After captaining the Michigan State Spartans to an NCAA tournament appearance in March, defenseman Torey Krug inked a two-year entry level contract with the Boston Bruins. The undersized blueliner practiced with the team every day and even skated in two games with the big club towards the end of the regular season. First-year campers Seth Griffith and Matthew Grzelcyk (3rd Round, 2012) spoke superlatively of Krug’s leadership skills and were very appreciative of all the help he’s given them.

“Torey Krug, he’s played with Boston a couple games last year and he knows what it takes. Some of the younger guys like Subbs (Malcolm Subban), he helps them out and tells them what to do and stuff like that. It’s nice to have those guys around to learn from.” – Seth Griffith

“I think guys like Torey Krug and Tommy Cross have been instrumental in helping us rookie guys around. (We were) Probably a little intimidated at first but they made it clear that they’re here for us. I couldn’t be happier to have those guys around.” – Matthew Grzelcyk

Khokhlachev Will Be An Interesting Story This Fall

It was announced during camp that 2011 second round pick Alexander Khokhlachev would be returning to his home country of Russia to play in the Kontinental Hockey League next season. “KoKo” had signed his entry-level contract with the Bruins, but would be heading to the KHL to play for the team his father manages.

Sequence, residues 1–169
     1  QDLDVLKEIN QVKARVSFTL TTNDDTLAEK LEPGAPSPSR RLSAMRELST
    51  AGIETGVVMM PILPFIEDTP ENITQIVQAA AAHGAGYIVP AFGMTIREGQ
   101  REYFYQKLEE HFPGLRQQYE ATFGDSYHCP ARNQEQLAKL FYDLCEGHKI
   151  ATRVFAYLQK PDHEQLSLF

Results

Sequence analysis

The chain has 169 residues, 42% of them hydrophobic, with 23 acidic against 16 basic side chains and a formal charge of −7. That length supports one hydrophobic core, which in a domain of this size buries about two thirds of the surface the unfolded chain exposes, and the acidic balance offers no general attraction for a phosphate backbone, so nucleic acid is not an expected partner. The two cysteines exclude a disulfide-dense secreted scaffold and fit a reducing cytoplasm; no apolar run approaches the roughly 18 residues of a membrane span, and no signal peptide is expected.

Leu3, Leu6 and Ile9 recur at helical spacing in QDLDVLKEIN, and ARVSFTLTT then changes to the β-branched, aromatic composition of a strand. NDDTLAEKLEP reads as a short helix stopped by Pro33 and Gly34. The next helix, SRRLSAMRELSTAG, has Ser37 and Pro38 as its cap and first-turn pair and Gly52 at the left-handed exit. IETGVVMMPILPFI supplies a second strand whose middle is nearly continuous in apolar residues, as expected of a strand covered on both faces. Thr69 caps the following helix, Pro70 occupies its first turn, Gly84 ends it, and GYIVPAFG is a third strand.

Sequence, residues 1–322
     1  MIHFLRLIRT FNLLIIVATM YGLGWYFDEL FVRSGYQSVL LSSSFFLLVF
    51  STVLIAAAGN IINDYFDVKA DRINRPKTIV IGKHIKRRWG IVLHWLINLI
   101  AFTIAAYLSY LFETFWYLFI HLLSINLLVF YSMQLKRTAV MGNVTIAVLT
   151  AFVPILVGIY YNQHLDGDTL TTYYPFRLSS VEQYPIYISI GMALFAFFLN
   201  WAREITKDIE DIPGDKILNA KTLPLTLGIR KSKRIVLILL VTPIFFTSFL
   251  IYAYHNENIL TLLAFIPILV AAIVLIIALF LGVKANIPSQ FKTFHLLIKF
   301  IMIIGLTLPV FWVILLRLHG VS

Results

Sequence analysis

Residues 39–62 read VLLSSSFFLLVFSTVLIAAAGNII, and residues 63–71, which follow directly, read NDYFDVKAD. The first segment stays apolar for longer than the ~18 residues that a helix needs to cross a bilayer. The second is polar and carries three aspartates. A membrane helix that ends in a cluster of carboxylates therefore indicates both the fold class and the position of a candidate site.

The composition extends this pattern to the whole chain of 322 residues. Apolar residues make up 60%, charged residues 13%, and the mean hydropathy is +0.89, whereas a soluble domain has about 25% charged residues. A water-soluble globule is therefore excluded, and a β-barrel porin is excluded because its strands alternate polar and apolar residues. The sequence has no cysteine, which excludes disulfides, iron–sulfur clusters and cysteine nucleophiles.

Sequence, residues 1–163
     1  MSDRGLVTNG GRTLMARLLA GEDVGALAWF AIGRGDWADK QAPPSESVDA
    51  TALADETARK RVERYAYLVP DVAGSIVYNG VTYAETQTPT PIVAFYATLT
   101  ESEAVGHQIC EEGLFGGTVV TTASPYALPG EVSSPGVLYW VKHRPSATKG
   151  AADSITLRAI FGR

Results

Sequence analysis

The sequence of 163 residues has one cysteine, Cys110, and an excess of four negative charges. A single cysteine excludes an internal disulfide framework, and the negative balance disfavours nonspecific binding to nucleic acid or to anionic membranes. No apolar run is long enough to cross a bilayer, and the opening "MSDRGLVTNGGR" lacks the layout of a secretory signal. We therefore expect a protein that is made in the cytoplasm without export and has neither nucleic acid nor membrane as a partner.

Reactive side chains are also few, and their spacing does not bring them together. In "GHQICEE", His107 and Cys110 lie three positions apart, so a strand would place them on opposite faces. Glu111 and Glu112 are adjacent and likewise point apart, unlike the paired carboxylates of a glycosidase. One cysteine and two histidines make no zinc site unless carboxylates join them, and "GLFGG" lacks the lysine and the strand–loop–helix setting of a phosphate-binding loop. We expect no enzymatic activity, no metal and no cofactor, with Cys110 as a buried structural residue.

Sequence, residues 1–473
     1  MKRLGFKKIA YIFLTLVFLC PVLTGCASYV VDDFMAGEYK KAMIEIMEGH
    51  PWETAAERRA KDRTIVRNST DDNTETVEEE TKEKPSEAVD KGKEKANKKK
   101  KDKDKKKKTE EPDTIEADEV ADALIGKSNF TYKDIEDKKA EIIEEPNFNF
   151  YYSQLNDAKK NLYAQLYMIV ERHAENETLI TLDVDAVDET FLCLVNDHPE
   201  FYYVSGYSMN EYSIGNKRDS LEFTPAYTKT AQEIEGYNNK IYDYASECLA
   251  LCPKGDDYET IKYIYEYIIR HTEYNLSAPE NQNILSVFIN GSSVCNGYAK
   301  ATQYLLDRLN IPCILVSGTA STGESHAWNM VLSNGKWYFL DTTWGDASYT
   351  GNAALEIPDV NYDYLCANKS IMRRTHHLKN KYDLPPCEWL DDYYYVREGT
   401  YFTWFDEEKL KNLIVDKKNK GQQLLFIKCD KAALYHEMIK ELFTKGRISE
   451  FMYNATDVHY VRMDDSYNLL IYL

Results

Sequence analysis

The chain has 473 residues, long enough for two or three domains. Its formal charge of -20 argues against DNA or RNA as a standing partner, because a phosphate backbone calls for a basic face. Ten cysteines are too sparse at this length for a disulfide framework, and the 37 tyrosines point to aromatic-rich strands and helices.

“The plan is now for him to play in Russia, and he’ll attend our camp (in September), and then he’ll go back and play for the Russian team his father is the manager there, and then after one year, he’s under our purview.” – Peter Chiarelli

Training camp this fall will be especially interesting, being that Khokhlachev may have a real shot at making the Bruins. His offensively dynamic skill set, combined with impressive defensive zone prowess remind me a lot of Detroit Red Wings’ superstar Pavel Datsyuk. I’m hardly suggesting he’ll ever reach that level of success — as very few actually do –, but if he continues on the same development track, Khokhlachev has the potential to become one of the league’s elite two-way centermen.

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About the Author: Boston Bruins writer for Hockey Independent. Michigan Fan. Street Hockey Agitator. My work has been featured at the New England and New York Hockey Journals, The Hockey Guys, and SB Nation Boston. Follow me on Twitter @_BWoodward or shoot me an email at!